Some years ago I was in Glasgow and took my hotel up on their offer of a free transfer to the airport. I was the only passenger in the 12-seater minibus in this cross-city journey and struck up a conversation with the driver. I can’t recall how we got there, but somehow I established he didn’t vote. He seemed to be of the ‘they’re all as bad as each other’ tendency.
This was years before the opening of the Scottish Parliament in 1999, but the driver wasn’t fixated on Westminster as the source of all evil; he appeared to hate all politicians, local and national, as a breed. It was a classic case of working class political despair and disengagement – understandable in many ways, but still depressing.
As I write, Scots are on the eve of a momentous decision: whether or not to stay in the United Kingdom. I have no vote in the referendum, living in England, but I do have a great interest in it, both by virtue of being British and also being a quarter Scot. My grandfather, proud of his roots in Edinburgh and Aberdeen, used to make great play of extravagantly rolling his ‘r’s, half in self-parody, and then lapsed back into his southern English accent. He’d come to London decades before.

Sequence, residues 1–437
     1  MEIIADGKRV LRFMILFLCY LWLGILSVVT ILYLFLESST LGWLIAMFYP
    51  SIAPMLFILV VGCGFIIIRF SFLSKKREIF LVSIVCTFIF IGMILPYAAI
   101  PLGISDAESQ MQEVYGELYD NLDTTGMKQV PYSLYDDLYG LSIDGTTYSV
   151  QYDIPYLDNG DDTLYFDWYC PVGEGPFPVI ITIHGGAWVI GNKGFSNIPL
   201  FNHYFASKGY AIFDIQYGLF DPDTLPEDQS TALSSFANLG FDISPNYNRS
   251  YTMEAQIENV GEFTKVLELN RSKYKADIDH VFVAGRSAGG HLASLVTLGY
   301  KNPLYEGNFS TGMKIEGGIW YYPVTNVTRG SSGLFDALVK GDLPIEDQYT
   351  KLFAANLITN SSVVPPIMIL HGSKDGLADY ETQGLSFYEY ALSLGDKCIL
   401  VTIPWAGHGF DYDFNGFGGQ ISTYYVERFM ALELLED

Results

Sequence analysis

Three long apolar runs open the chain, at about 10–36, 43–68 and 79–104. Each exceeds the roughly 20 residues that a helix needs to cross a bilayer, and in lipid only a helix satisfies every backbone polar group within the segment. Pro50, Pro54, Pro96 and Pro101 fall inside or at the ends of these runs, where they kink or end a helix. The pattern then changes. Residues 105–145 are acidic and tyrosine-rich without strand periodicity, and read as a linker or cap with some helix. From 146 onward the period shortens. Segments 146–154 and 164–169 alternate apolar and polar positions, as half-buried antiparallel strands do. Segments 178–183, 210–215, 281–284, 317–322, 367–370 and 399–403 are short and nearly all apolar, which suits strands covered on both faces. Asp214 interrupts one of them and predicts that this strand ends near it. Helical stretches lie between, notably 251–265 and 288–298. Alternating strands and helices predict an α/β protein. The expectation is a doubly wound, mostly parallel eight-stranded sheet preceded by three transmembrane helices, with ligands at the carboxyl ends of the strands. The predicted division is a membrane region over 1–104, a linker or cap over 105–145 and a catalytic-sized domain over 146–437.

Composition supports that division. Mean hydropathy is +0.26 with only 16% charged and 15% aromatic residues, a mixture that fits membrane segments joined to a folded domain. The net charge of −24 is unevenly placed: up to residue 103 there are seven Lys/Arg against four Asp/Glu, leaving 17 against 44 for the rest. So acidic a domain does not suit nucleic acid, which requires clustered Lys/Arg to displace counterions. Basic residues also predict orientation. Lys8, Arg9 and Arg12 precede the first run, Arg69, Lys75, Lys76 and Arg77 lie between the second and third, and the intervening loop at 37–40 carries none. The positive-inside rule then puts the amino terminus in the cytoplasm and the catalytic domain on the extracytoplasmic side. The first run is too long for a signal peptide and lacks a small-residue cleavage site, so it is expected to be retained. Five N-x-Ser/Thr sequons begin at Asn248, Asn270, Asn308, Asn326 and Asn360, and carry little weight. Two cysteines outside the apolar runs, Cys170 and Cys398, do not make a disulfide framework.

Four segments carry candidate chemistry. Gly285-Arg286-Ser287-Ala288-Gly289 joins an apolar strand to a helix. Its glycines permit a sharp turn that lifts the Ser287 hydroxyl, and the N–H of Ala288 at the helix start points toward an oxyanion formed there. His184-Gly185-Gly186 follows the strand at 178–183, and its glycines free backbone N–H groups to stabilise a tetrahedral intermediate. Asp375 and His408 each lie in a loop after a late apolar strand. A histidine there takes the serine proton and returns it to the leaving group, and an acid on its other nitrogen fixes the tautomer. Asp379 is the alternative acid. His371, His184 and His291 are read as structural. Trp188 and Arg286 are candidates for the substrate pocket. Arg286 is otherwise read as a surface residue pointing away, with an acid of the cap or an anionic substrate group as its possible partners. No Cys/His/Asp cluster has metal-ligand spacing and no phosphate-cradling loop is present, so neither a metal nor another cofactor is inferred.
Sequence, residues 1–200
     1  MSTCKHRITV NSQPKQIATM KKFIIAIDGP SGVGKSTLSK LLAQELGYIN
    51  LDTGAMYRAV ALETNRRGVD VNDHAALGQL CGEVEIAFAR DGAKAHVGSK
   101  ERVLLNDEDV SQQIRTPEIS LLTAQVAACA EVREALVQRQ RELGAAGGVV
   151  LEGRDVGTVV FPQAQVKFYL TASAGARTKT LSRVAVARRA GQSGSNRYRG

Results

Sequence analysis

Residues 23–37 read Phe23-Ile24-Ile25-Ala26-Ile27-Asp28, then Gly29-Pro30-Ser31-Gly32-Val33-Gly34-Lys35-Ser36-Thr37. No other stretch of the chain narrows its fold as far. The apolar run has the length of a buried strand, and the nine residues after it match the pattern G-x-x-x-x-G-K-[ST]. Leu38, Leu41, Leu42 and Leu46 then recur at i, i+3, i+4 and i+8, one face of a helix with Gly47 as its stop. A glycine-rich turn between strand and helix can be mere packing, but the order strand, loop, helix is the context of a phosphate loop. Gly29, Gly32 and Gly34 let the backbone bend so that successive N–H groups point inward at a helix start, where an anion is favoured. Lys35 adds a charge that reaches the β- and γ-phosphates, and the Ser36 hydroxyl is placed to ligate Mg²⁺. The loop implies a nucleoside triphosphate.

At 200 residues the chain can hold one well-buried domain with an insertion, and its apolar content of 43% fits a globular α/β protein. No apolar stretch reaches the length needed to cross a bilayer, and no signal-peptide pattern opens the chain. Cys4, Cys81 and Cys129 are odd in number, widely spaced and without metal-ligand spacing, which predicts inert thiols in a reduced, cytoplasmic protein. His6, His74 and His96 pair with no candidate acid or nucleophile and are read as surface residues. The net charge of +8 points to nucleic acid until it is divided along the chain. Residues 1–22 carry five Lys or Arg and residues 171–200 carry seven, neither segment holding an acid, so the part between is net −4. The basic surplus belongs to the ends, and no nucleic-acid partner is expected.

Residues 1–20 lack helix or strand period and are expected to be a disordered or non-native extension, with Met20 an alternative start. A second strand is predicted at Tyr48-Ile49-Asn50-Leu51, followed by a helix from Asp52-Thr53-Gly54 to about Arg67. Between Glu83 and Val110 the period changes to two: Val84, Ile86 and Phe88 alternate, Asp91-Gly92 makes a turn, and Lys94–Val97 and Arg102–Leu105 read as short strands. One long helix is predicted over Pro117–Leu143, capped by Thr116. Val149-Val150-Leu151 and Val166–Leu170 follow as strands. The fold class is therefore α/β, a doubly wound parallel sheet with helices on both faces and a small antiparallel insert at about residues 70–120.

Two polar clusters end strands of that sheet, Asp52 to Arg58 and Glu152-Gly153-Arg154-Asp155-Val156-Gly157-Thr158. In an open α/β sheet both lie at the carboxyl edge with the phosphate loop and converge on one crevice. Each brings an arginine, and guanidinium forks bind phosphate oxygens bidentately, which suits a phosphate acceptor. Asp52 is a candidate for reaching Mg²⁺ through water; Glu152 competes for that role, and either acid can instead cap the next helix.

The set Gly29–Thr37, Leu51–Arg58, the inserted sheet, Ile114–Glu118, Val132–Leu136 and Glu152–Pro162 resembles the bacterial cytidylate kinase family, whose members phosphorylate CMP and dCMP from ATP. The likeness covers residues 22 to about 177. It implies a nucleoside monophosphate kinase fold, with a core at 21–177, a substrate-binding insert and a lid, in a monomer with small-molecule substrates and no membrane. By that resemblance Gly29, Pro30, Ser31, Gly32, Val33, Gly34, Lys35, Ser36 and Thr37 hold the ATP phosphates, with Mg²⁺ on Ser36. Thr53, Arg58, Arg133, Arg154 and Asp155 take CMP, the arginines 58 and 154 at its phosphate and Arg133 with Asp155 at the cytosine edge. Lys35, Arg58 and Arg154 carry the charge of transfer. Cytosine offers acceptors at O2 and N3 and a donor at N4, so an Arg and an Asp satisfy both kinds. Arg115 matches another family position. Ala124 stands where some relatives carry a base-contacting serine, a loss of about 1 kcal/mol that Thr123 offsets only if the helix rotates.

What can I add to the acres of comment poured out over the last 18 months of this protracted campaign? Well, a heartfelt hope that, whatever the collective decision, that there will be reconciliation between the people that get their wish, and the many thousands – millions? – who will be disappointed. Oh, and here’s my shock prediction: Scotland will be a cool nation whether it stays in the union or not.
But for all the duplication in the referendum commentary, not nearly enough has been said about the precedent of Ireland. The Irish Free State, formed in 1922, refused to pay land annuities to Britain, and this led to the latter’s levying of high trade tariffs on its imports from Ireland. This in turn gave rise to severe austerity in the new state and, I believe, disproportionate power being given to the Catholic Church. I can’t help feeling this imbalance led to classic abuses of power, and it’s arguable that you can draw a direct line from Britain’s punitive approach to Ireland’s breaking away and the tragic abuse of people supposedly in the church’s care.
I am not – repeat, not – saying that any of this is liable to happen if Scotland votes yes this Thursday. These are very different times, and Scotland is a very different country. But there have been some pretty mean-spirited attitudes voiced on both sides of the debate at various times, and the Guardian’s Martin Kettle has written convincingly – and worryingly –about possible punishment by England of the upstart nation that dared to think about going it alone, whether or not it actually does so. Try his columns here and here.
Whichever way the vote goes there will be an elite in Scotland, in politics, media and so on. The elite can look after themselves; they always do. My concern is for those who currently feel disenfranchised. I find myself thinking about that minibus driver. I trust he’s alive and well, and my hunch is that this is one vote he won’t want to miss. But my fear is that if he doesn’t feel his quality of life improves as a result of the referendum, it might be the last vote he casts.